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Investment funds circle distressed companies

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It is predicted that companies will seek to refinance debt issued at previously lower rates
  • $50bn in non-performing loans
  • Wave of asset sell-offs predicted
  • ‘Build-up of distress’ expected

Investment funds that bet on troubled companies are predicting a rise in Gulf businesses falling into distressed debt as global economic strains intensify.

Pockets of financial distress are beginning to emerge in the region, driven by high interest rates, sluggish growth and escalating inflation, industry experts say.

Blantyre Capital, a UK-based asset manager that focuses on equity and debt “special situations”, has set up a new office in the Abu Dhabi Global Market, the emirate’s international finance centre, in anticipation of a rise in distressed firms in the Gulf.

Founder and Chief Investment Officer Mubashir Mukadam told a panel at Abu Dhabi Finance Week in November: “It’s the weaker companies that go first. But eventually if the cycle hits the region, we’ll see more. We want to be ready for that.”

Mukadam said the Gulf’s economic resilience post-Covid has drawn substantial talent and capital, yet the region was still exposed to inevitable shifts in the global market.

“The opportunity set has exploded,” he said, with approximately €80 billion ($89 billion) of debt in Europe and $240 billion in the US, trading at high yields. 

Build-up of distress

Vikas Papriwal, senior managing director at FTI Consulting, Middle East and Africa, warned that Gulf states remain susceptible to worldwide monetary policy despite benefiting from high oil prices.

Regional headwinds have been “delayed”, he said. But a “build-up of distress” was expected to come through as firms seek to refinance debt issued at previously lower rates.

The GCC is sitting on a total of around $50 billion in non-performing loans, Papriwal said.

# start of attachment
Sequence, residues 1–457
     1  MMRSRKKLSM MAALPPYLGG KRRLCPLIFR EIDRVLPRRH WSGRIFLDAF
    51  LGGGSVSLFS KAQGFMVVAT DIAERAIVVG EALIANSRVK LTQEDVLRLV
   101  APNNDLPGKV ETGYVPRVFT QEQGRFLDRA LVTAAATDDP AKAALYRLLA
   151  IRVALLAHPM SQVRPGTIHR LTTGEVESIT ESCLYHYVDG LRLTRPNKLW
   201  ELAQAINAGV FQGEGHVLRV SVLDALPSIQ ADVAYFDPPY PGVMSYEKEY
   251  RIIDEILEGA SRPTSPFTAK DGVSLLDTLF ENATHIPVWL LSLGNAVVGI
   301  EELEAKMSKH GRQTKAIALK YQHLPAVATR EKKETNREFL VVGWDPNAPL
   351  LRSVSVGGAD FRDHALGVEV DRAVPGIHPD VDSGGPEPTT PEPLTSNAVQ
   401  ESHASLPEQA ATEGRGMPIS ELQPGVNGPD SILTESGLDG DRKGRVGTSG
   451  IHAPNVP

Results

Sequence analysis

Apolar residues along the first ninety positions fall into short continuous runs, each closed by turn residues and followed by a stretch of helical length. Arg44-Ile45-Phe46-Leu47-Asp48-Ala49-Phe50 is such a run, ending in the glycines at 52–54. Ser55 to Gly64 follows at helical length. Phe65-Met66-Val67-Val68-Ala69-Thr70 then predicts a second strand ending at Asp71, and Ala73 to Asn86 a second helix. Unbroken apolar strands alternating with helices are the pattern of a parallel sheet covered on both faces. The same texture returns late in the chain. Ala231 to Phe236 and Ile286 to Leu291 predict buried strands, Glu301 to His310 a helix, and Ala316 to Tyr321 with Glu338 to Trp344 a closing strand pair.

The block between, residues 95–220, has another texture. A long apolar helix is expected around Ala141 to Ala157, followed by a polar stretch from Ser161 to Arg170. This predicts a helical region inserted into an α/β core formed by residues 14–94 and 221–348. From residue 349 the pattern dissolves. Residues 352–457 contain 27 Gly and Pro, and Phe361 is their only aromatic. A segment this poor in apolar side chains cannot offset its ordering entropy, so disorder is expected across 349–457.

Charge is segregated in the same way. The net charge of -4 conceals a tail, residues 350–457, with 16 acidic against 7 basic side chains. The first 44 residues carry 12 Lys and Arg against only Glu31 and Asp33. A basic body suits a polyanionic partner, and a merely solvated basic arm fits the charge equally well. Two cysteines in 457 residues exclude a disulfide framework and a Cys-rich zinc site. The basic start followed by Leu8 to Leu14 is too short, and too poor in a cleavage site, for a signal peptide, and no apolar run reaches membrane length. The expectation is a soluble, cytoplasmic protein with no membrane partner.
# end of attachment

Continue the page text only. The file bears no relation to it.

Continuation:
He added that there had been an influx of primary credit and special situation funds at the Abu Dhabi Global Market in the past 12 to 18 months, drawn by new opportunities.

Last January, Abu Dhabi Commercial Bank (ADCB), the emirate’s second-largest lender, offloaded a $1.1 billion (AED4.2 billion) non-performing loan portfolio to the New York-based hedge fund Davidson Kempner, marking the bank’s first major NPL sale and the UAE’s largest to date.

The portfolio was made up of 44 corporate loans to local SMEs.

Subsequently, Grant Thornton and Asset Recovery Fund also purchased $357 million (AED1.3 billion) in distressed NPLs from ADCB.

Bloomberg reported in April that ADCB was also looking to sell an additional $3.68 billion of bad loans. However, the bank denied the report.

Papriwal said he expected “a few more” non-performing loan sales due to rising defaults. He said there were “increasing conversations” between banks and private credit specialist funds about offloading and managing NPLs. 

“The trend has started, and it’s not stopping here,” he said.

There were liquidity crunches in the retail and construction sectors, Papriwal said, and he predicted a wave of asset sell-offs.

“Mid-sized, and even some big-size, companies, which [are seeing] the liquidity cycle tightening, will have to start getting a lot of their non-core assets sold with much more impetus than we’ve seen before,” he said.

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